On June 15, 2012, the Department of Homeland Security (DHS), under President Obama’s instruction, issued a memorandum presenting that the DHS would offer deferred action to specific young people who came to the U.S. because children, now also known as Deferred Action for Childhood Arrivals (DACA). This program, in part inspired by the DREAM Act, enables a number of otherwise undocumented persons who were brought to the United States as children to remain here under a two-year deferred action order. This also grants them work permits and, depending on the state of residence, the chance to obtain driver’s licenses and other state-specific benefits.
On August 15, the U.S. Citizenship and Immigration Services (USCIS) released the forms required to apply for this type of deferred action. Individuals are able to complete the forms themselves, and there is no requirement to be represented by an attorney. So why would you want to hire one?
Deferred Action for Childhood Arrivals is a one-time opportunity. This means that there are no appeals or reconsiderations; if your deferred action application is denied, you cannot reapply. The time, stress, and cost involved in a DACA application can be significant. It is extremely important to have your case prepared correctly the first time; the best way to have peace of mind is to work with an experienced immigration attorney who has represented thousands of clients like you. Since immigration practitioners have handled similar cases countless times before, they have experienced the issues that come with deferred action applications, and can anticipate many problems before they arise.
Mistakes on your petition can delay your case significantly. If the USCIS requires more information, they will alert you by sending a Request for Evidence (RFE). The documentation that they ask for may or may not be easily available to you. If significant information is missing from your application, it may appear to the USCIS that you are ineligible for a grant of deferred action, and your case may be denied without the option to appeal. Representation by an immigration lawyer will ensure that the USCIS receives all of the information necessary to accurately and quickly review your case.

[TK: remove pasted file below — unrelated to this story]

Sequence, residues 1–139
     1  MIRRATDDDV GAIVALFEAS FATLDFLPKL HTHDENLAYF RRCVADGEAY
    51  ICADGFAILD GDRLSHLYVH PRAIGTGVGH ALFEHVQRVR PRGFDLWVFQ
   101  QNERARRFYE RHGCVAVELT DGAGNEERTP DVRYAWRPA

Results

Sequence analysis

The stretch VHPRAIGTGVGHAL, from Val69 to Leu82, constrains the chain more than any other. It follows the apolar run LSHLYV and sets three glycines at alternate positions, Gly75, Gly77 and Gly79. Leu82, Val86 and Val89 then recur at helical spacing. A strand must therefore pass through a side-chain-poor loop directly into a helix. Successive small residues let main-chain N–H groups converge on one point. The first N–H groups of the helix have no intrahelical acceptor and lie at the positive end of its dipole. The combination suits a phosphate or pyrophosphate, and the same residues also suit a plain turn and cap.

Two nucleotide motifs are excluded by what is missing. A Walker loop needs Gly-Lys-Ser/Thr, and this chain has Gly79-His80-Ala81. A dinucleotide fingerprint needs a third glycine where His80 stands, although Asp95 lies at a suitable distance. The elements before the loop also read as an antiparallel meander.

The confidentiality provision of the DACA order is not ironclad. Your DACA application, unfortunately, does not grant you any immunity regarding your background. If you have any kind of criminal record, it is wise to consult with an immigration attorney prior to filing your case to discuss the ramifications of disclosing this information. Your criminal record can be shared with Immigration and Customs Enforcement (ICE) and Customs and Border Patrol (CBP). An experienced immigration attorney will be able to help you weigh the risks and benefits of disclosing the information required for application. A south beach smoke review is best detailed here.
The DACA order does include a provision that protects your information, but the information that you provide will remain on file with the USCIS permanently. Thus, if you are undocumented, it is important for you to consult an experienced immigration attorney to understand fully the implications of applying for DACA. Your attorney will be able to help you determine the ramifications of disclosing your information, as well as explore other options that might be available to your family.
Your background check together with biometrics information affect your application. Without documentation, a lot of childhood arrivals have used substitute methods to find employment, grace with your presence school, operate motor vehicles, and the like. Some states consider these better eating habits to be misdemeanors, which affect your eligibility for deferred action. All criminal activity will appear on your background check, regardless of whether it has been expunged, and some types of convictions may cause ineligibility for DACA. The legal advice provided by an experienced immigration attorney can mean the difference between winning your case quickly and missing your one-time opportunity for deferred action.
Deferred action may not be the best option available to you. DACA ensures two years of deferred status, as well as a work permit, but it may be possible that you qualify for more. Since immigration law changes frequently, some individuals may not be aware of what their options are beyond deferred action. Thus, it is in your best interest to consult an experienced immigration practitioner to find out all of the options that are available to you before you submit your DACA application.